And yet we all yearn for stardom ourselves. Managing our image in front of others so they will see the US we wish we were. And you’re right, it’s a trap. We want so badly to be the person God calls us to be but somehow can’t manage to be that person consistently. So we fake it. We wear the mask of a holy person, but we are not.

    And then the light shines on us again, piercing our hearts (as your post did mine) bringing us back to the truth. We are fallen but redeemed creatures, who, if we are honest with ourselves would be less concerned with our own image and more concerned with defending others. Like your defense of Armstrong, for example. What did we expect from a fellow human being? Something more than greatness mixed with failure? I need look no further than my mirror to see that. Which is why I’ve always felt that Matthew 7:2 is one of the great verses to live by:

    For in the same way you judge others, you will be judged, and with the measure you use, it will be measured to you.

    I don’t want to be judged by those who take such deep offense at the failings of others while ignoring their own. I’d much prefer to be judged by someone who is aware of their own weaknesses. They make the best, most merciful judges.

    Pete, thanks for praying for other weak people like me.

  16. MPT says:

    The one big difference between us lying about who we are and somebody like Lance lying about who he is… It’s all played out in public. Everybody has an opinion. Everybody makes you an illustration or a punch line or something. I feel for the guy.

  17. Peter Nolan - Ireland says:

    I am sorry but I believe you are being naive in the extreme for sympathising with Lance Armstrong. He has not showed any genuine remorse for what he did and he has even claimed that he was not cheating.

    It’s not his use of illegal drugs that most concern me but instead it was his attempts to intimidate and bully anyone who dared to cross him. There were two Irish journalists who spent 13 years trying to expose what they knew to be truth. He even sued one of their newspapers and took the money even though we now know he was telling the truth. And when his Irish masseuse told her story about seeing him injecting the performance enhancing drugs he assassinated her charatecter in public by labelling her as a drunk whore.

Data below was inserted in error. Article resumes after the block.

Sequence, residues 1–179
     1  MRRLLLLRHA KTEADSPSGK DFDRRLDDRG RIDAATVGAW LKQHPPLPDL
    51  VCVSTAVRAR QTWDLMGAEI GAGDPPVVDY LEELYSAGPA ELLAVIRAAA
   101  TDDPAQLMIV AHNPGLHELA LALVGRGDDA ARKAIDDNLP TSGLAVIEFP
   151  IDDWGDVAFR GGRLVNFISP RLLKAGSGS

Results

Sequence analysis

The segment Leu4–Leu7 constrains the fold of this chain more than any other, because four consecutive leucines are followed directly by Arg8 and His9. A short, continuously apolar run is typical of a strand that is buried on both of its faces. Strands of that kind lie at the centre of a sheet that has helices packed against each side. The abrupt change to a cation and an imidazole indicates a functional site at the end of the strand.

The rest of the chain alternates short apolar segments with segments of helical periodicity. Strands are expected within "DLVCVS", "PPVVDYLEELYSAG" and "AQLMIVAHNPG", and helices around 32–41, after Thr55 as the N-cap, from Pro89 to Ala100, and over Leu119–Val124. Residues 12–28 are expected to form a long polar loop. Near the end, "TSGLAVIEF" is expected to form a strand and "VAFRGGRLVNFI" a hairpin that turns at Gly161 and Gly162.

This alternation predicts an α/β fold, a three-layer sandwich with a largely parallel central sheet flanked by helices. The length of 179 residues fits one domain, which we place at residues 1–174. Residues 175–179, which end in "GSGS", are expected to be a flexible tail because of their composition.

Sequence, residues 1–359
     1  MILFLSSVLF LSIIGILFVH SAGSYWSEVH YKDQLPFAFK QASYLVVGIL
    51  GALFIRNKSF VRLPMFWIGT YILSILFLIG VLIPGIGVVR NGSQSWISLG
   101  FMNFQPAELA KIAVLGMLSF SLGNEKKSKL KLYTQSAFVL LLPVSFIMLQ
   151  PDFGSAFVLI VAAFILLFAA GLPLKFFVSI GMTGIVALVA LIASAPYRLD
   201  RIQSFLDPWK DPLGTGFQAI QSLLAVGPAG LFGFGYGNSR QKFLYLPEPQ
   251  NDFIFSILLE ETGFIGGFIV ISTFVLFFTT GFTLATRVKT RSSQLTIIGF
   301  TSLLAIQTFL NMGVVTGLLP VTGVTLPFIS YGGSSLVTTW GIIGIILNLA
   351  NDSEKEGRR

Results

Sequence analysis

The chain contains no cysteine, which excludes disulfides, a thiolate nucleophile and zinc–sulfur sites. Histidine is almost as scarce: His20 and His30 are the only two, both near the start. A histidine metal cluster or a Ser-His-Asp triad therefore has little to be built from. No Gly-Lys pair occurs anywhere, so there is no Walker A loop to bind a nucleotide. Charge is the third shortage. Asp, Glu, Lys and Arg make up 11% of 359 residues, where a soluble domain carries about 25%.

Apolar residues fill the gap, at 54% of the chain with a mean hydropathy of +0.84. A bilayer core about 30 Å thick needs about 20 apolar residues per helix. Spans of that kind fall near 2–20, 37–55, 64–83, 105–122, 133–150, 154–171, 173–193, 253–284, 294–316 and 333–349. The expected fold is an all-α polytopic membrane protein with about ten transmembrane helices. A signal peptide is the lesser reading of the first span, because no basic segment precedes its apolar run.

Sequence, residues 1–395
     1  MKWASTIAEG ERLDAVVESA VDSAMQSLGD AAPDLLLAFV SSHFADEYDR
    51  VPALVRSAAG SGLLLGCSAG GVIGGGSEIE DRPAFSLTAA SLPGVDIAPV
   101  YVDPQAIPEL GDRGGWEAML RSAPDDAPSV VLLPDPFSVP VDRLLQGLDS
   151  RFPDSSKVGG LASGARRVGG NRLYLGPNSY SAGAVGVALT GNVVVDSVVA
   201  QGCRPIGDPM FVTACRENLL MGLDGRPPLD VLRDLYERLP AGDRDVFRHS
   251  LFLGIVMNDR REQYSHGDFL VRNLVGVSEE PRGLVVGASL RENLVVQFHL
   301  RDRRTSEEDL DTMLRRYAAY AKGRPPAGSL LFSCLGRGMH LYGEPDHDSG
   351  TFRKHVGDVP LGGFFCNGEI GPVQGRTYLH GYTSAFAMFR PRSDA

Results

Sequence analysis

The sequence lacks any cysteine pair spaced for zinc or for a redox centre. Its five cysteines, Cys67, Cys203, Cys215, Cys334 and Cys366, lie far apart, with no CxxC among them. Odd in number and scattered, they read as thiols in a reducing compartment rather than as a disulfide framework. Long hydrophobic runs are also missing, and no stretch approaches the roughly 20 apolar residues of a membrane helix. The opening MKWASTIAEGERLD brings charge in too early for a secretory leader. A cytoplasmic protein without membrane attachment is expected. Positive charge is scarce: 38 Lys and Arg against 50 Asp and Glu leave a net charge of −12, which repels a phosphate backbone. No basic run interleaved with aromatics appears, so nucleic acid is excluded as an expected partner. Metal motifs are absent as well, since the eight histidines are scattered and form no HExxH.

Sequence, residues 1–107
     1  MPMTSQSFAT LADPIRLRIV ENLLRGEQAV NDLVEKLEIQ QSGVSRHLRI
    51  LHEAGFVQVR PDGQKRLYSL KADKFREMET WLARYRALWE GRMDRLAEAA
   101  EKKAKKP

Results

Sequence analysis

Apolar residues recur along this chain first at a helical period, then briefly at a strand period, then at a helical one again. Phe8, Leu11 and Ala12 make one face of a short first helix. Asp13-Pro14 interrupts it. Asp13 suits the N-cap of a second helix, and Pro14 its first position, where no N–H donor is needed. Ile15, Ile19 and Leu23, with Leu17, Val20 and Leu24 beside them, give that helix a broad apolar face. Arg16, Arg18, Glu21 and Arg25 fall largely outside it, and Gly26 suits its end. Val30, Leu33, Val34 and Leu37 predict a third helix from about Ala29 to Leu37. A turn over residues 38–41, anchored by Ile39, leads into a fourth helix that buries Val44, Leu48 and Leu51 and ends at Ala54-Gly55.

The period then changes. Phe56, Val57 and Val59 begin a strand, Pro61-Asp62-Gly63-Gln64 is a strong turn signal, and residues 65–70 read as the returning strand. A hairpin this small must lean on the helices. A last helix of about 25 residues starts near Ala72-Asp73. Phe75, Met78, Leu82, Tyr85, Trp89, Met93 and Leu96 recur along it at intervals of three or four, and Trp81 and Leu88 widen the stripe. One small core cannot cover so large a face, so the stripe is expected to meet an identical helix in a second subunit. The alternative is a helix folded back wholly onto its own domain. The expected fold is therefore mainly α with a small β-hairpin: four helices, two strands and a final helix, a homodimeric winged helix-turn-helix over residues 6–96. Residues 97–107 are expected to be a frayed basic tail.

I am a qualified psychotherapist and I recognise the traits of personality disorder when the evidence is clearly presented. You would do well to google Narcissistic Personality Disorder where you will find that it’s a chronic pattern of grandiosity, lack of empathy and an obsessive need for recognition. I sincerely hope that you don’t share these personality traits with Lance Armstrong.

    I don’t believe that he found Livestrong to help other cancer victims but rather to create a platform for his god like image. Sadly he does not possess the empathy to care for people in this way.

    I respectfully suggest that before you create any more blogs in defence of Lance Armstrong that you educate yourself fully on the amount of pain he has caused to so many people. You will find that the stories are endless. I highly recommend David Walsh’s book “The 7 Deadly Sins” for your further education.

    And last comment I will leave to his mother, the person who knows him best. She was asking Greg LeMond for his advice on how to help Lance with his fame. And then she asked him “how do I make him less of an asshole, because he doesn’t care about anyone?

    Yours in sport and in spirit

    Peter Nolan – Ireland

    • e calvary atamudzi says:

      those who can not step onto the first line only talk about those who are moving by faith.we all got more after they talk.